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This remarkable collaboration will help women feel more hopeful, and less scared and alone, when faced with ovarian cancer.
"Combining the latest medical research & Gene Wilder's story of his wife Gilda Radner's courageous, ultimately unsuccessful battle with ovarian cancer, this moving, highly informative book is an essential guide...."
|Ch. 1||Gilda Radner: A Personal Perspective||27|
|Ch. 2||Causes of Ovarian Cancer||33|
|Ch. 3||Prevention of Ovarian Cancer||51|
|Ch. 4||Diagnosing Ovarian Cancer||64|
|Ch. 5||The Thirty Different Types of Ovarian Cancer: The Pathology of Ovarian Cancer||81|
|Ch. 6||The Four Stages of Ovarian Cancer: Stages and Survival||88|
|Ch. 7||Surgery of Ovarian Cancer: What Do I Need to Know?||95|
|Ch. 8||First-Line Chemotherapy of Ovarian Cancer||108|
|Ch. 9||Second-Look Surgery||126|
|Ch. 10||Second-Line Chemotherapy||133|
|Ch. 11||Alternative Therapies from Apricot Pits to Zen Macrobiotic Diet and Touch Therapy||141|
|Ch. 12||Gene Therapy||150|
|References and Bibliography||173|
On Wednesday, March 25, barnesandnoble.com welcomed M. Steven Piver, author of GILDA'S DISEASE.
M. Steven Piver: Fine thank you, thanks for writing.
M. Steven Piver: The answer is that it is easy to read. I wrote every page and Gene Wilder rewrote every page to make certain that the readers would understand it, and that I wouldn't scare the hell out of anyone. Also, he made me put the tables in an appendix in the back of the book so it wouldn't be boring and people would keep reading, and so we did that.
M. Steven Piver: No, GILDA'S DISEASE has all the options, both for the surgery of ovarian cancer and the chemotherapy of ovarian cancer, but it tells the results of the best clinical trials that offer one, the best surgery, and two, the best chemotherapy.
M. Steven Piver: We wrote the book together. Gene and I first met in August of 1989, when he was searching for answers as to why his beloved Gilda died of ovarian cancer, why it took a year for them to make the diagnosis, why none of her doctors ordered the blood test for ovarian cancer CA-125. When he called me in 1989, I told him that I would be his sidekick just as Harrison Ford was in the "Frisco Kid," when Gene was playing a Polish rabbi trying to find San Francisco, and was totally lost and Harrison Ford said he would be his sidekick and get him to San Francisco. Then Gene and I decided we would get the word out on ovarian cancer to help all the Gildas out there. We went on Connie Chung "Eye to Eye" together, I went on "Oprah," "20/20," "Nightline," "The Today Show," "The Jane Pauley Show," and CNN to explain about ovarian cancer. We started a 1-800 Ovarian Hotline, so people could get their answers [about] ovarian cancer, Gene testified before Congress to get more money for ovarian cancer, and we did this from 1989 through 1995. Then Gene decided that he needed to resume his acting career, and he asked me to let him retire from medicine. I said, "You can retire from medicine, but you have to do one more thing for the women of America, you have to write a book on ovarian cancer with me," so I wrote a page to ten pages a day between operations, I would fax them to Gene, Gene would make corrections and fax them back to me with such comments as, "What the hell does this mean? Are you trying to scare the pants off of these people? Please rewrite. Love, Gene." So, in eight and a half weeks, we had over 400 faxes, plus dozens of phone calls. One Friday night close to the end of writing the book, I went home from the hospital early and received a fax the next morning from Gene which he sent Friday night "Dear Sidekick, You don't write, you don't call, you don't fax, what kind of relationship is this? Love, Gene." And that's how we wrote the book.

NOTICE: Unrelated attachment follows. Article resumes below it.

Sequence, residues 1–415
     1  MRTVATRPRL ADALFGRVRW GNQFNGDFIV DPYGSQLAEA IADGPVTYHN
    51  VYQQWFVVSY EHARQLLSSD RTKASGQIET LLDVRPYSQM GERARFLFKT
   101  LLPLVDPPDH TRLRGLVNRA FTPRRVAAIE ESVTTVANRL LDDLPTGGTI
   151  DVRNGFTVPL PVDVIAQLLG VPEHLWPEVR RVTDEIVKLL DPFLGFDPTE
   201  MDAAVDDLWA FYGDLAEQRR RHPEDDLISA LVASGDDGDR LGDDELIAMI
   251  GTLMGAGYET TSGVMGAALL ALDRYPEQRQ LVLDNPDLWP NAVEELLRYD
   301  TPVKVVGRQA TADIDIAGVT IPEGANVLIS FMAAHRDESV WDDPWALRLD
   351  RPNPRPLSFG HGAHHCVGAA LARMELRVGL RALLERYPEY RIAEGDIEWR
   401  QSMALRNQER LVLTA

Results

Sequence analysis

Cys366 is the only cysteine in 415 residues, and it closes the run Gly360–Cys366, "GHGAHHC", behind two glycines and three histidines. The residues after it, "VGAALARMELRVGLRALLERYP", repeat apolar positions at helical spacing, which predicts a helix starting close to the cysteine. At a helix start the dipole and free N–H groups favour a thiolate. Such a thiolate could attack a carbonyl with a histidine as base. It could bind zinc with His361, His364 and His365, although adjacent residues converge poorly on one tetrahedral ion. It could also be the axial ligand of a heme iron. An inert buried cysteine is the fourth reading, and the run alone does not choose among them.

M. Steven Piver: Ten percent of ovarian cancer is inherited. The gene can be inherited from your mother or your father. So, you can't just look to your mother's side to look for ovarian cancer, you have to look at your father's side to see if ovarian cancer runs in the family. One of the things that Gene and Gilda Radner did not know was that there was lots of ovarian cancer in her family. She knew [about] her mother's sister's daughter, who is a patient of mine and is cured of ovarian cancer, but she didn't know that her mother's aunt also had ovarian cancer. She didn't know that her second cousin had ovarian cancer. She didn't know that her maternal grandmother probably had ovarian cancer, but it was called "stomach cancer" in those days. Gene and I both believe that if Gilda had known that she had three close relatives with ovarian cancer, and if she had known that her mother's breast cancer increased her own risk for ovarian cancer, that the doctors seeing her worldwide would have diagnosed Gilda's cancer probably a year earlier when she was complaining of stomach pain, leg pain, fever, fatigue, constipation, that Gilda might still be alive today because it would have been diagnosed at an earlier stage, but regrettably, when it was diagnosed, it was in stage four, in her liver; if it had been diagnosed a year earlier it would not have been in her liver, most likely, and she might be alive today.
M. Steven Piver: That's an excellent question, and there is a small relationship between endometriosis and ovarian cancer. The small relationship is that some ovarian cancers, when diagnosed, also have endometriosis in the surrounding tissues. What we don't want to do is be an alarmist, because so many hundreds of thousands of women have endometriosis and so few of them develop ovarian cancer. So, although there is a small connection, it should not be overstated, but women should know that there is at least a small connection. But the risk of developing ovarian cancer in endometriosis is exceedingly small, and should never be overstated.